Before Andrew noticed my shock, I stole away into our bedroom where I quietly sobbed until Andrew found me there crying into my knees. Andrew is a sensitive guy. In fact, I’d say that if we’re watching a sad movie, he’s likelier to tear up than me. He’s got the emotional thing figured out (unlike some, ahem, more closed-off people, not to point any fingers). But as Andrew stood there watching me cry, as my whole body heaved from sobbing, he seemed utterly lost. All I could breathe out through my tears, as he held me was, “I worked so hard. I worked so hard.”
Melissa calls it my “transition year” – the year when I finished one book, wrote another one (the second book consuming every single waking minute of the first nine months of the year) and made little money because I’m just starting out. She told me, point blank, not to give up. It gets better, she said, just wait and see. And the thing is – I don’t want to. I don’t want to walk away from this and will do my best to make this life sustainable.
But the next few months will be telling – will I land a new book to co-author or will there be a steady job writing or editing or testing recipes out there? In trying to figure out how I can make this lifestyle of mine sustainable, how I can make it work, and if I can make it work, I will have to get creative about my options, answer some difficult questions, and keep an open mind.
I’m enormously grateful to all of you for coming here to this corner of the interwebs and sharing it with me. It’s nice to have you all here indulging me in my periodic emotional woes. I thank you for listening and hope you give this chili a try. It packs a serious punch, and the acidity gives the chili the kind of complexity I haven’t tasted before. Authentic by Texas standards it might not be, but it’s every bit delicious and I hope you love it as much as we do here in our kitchen.
*You must forgive me for not having a picture of the actual kimchi here, but let’s be honest, chili looks like chili. When we tested the recipes for the book I didn’t expect the recipe to be cut – because it was one of my favorites. But when it didn’t make it into the final manuscript, I decided to share it with all of you here, and I had every intention of retesting it. Sadly, the last few weeks have somewhat taken the wind out of my sail and I have been a little short on time. So, I’m hoping to distract you with pictures of Forrest and other ephemera. Look, isn’t my niece super cute?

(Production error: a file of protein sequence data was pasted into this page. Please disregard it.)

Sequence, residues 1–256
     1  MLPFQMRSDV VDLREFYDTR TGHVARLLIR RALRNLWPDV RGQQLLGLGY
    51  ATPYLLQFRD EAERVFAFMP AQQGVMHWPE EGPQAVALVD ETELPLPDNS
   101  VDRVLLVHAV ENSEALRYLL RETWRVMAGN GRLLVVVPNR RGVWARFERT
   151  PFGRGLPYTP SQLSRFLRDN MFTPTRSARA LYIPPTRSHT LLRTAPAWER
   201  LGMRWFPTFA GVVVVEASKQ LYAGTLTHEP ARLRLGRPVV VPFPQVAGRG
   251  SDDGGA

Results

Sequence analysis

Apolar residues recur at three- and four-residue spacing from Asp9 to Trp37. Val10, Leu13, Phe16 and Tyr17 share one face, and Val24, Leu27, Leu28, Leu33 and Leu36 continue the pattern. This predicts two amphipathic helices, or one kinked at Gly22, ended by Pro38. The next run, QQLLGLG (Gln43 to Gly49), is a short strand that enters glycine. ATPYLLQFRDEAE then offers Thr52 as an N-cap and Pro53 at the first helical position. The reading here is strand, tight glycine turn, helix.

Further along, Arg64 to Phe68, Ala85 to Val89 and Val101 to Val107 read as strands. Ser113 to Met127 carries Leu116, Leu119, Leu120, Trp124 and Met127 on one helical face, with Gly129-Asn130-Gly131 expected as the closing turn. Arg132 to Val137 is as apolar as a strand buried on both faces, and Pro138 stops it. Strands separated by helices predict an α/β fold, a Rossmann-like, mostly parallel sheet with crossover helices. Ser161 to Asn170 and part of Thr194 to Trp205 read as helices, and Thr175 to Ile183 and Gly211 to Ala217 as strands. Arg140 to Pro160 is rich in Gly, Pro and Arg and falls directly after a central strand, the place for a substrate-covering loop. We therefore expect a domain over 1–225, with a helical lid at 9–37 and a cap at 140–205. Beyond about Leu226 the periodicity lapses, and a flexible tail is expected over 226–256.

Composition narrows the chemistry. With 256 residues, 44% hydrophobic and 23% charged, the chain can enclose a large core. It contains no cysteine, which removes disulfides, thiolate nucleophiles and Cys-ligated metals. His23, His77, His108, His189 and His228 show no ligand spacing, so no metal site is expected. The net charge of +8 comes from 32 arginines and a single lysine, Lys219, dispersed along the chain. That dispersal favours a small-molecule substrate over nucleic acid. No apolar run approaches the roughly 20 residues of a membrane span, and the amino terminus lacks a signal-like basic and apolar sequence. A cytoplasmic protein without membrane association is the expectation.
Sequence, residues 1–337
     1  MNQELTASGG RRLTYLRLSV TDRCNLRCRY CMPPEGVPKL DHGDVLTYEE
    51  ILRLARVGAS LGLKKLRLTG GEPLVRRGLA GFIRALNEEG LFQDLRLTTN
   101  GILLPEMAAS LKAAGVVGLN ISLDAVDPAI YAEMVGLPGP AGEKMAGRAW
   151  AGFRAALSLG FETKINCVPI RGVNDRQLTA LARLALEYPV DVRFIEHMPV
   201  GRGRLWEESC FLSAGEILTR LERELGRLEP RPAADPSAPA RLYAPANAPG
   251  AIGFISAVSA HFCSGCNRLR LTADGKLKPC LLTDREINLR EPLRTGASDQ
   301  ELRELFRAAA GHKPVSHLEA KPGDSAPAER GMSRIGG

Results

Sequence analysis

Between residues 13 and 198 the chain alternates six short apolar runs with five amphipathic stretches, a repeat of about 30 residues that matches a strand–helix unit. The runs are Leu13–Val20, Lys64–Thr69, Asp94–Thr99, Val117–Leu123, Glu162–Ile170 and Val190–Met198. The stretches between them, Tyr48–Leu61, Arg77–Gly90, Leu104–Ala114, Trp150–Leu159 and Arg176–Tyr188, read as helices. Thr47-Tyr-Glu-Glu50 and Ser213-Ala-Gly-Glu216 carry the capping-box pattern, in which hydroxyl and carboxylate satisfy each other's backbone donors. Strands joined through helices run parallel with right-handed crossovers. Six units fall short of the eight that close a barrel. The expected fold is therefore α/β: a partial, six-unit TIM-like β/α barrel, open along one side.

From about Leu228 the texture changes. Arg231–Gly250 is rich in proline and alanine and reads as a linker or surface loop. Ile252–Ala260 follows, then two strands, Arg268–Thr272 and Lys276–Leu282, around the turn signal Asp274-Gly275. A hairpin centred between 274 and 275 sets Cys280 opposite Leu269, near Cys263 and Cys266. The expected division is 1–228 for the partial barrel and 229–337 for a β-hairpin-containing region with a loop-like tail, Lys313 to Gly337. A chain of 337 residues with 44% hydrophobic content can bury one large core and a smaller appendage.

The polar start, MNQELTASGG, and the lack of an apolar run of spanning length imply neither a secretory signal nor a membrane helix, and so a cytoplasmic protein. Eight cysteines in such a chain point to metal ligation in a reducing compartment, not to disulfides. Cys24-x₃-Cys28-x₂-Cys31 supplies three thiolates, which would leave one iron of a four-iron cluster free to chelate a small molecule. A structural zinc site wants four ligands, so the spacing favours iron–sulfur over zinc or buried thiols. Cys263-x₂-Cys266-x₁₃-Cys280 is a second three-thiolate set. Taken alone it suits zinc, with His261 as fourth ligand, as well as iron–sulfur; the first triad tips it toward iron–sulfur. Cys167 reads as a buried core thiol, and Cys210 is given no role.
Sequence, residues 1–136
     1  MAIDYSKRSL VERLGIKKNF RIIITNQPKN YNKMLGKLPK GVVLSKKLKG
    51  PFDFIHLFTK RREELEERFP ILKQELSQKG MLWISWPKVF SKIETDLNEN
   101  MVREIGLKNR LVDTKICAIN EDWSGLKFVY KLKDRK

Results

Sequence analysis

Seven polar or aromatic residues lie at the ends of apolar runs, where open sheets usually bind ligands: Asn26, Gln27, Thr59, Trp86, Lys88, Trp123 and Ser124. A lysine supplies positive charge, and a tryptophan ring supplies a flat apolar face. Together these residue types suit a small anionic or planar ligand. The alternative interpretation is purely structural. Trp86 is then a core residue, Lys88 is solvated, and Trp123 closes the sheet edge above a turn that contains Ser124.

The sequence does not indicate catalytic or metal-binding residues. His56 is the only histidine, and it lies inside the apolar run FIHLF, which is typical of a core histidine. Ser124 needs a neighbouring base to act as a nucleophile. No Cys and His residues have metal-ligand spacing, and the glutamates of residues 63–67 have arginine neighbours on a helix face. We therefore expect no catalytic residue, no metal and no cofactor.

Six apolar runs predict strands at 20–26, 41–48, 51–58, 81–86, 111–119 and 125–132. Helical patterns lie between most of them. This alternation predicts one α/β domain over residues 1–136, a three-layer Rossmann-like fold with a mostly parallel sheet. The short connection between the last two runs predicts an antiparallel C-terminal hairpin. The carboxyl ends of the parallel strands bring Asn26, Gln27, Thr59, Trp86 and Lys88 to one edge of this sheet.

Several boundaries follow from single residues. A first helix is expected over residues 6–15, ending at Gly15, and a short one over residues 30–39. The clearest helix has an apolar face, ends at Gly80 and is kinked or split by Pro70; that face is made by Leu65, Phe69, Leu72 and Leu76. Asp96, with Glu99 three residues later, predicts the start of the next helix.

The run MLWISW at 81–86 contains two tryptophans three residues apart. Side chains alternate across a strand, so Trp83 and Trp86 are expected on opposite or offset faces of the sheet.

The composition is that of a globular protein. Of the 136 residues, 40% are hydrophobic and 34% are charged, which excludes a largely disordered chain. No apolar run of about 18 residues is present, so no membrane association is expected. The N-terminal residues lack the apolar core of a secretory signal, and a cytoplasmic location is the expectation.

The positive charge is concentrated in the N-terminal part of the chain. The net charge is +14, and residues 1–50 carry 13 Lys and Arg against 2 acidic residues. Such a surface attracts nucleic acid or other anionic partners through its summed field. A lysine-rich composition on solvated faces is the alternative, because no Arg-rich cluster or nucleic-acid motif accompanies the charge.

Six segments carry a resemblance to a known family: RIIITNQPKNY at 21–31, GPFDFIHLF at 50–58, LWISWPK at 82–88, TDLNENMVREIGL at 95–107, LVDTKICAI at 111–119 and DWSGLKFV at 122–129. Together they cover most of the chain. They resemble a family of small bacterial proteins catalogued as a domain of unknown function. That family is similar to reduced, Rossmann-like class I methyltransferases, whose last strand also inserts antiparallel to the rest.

There are as many chili recipe disputes as there are chili recipes, if not more. I’m adding to the chili controversy with this recipe by not just using kimchi, but including two kinds: Napa cabbage kimchi and daikon radish kimchi. The heat in this chili is subtle and warm, and the kimchi add their own tanginess rounding out the flavors. Who knew kimchi would lend itself so well to this American classic?
1 pound dry pinto beans
1/4 cup plus 1 tablespoon olive oil
2 pounds beef chuck, cut into 1-inch pieces
2 teaspoons kosher salt, plus more to taste
1/2 teaspoon freshly ground black pepper, plus more to taste
1/2 pound Italian sweet sausage, casing removed
1 large yellow onion, diced
1 green bell pepper, seeded and chopped
3 garlic cloves, minced
3 tablespoons chili powder (or a blend of chili peppers you normally use)
1 tablespoon gochugaru (Korean chili pepper)
1 1/2 cups Napa cabbage kimchi (xref p000), chopped and divided
1 1/2 cups daikon kimchi (Kkattuggi xref p000)
1 (14-ounce) can diced tomatoes
2 dried bay leaves
Sour cream, for serving
Chopped scallions, for serving
1. Place the beans in a large bowl, cover with enough water so that there is 2 inches of water above the beans and let soak overnight. In the morning, drain the beans and set aside.
2. Heat 2 tablespoons of oil in a large Dutch oven over high heat. Add half the beef, reduce the heat to medium high, and cook until the beef browns, about 5 minutes. If you find that you need to break the beef into 3 batches, go ahead. Better to you’re your time and getting your meat properly browned than steaming it. Steamed meat doesn’t taste very good. Season with salt and black pepper, remove from the pan, and set aside. Repeat with the remaining beef.
3. Add 2 tablespoons of olive oil and sausage meat to the Dutch oven. Using a wooden spoon, break up the meat and cook until the sausage is browned, about 4 minutes.
4. Add the remaining olive oil. Add the onion and pepper to the sausage, and cook, stirring frequently, until the onion is softened, 4 to 5 minutes. Reduce the heat to medium, add the garlic and cook for 30 seconds. Stir in the chili powder and gochugaru, and cook, stirring, for 2 more minutes. Return the beef to the pot, and add the 2 1/2 cups of kimchi (both kinds, if using two kinds – up to you how you divide the proportions), tomatoes, 2 1/2 cups of water, beans, and bay leaves. Stir to combine, reduce the heat to low, cover, and simmer about until the beans are soft 1 1/2 hours. Remove the lid, taste and adjust seasonings, and simmer for 30 minutes, uncovered, until thickened. Add remaining 1/2 cup kimchi during the last 10 minutes of cooking. Ladle into bowls (the chili will resemble a thick soup) and top with generous dollops of sour cream. Garnish with chopped scallions and serve.
Serves: 4 to 6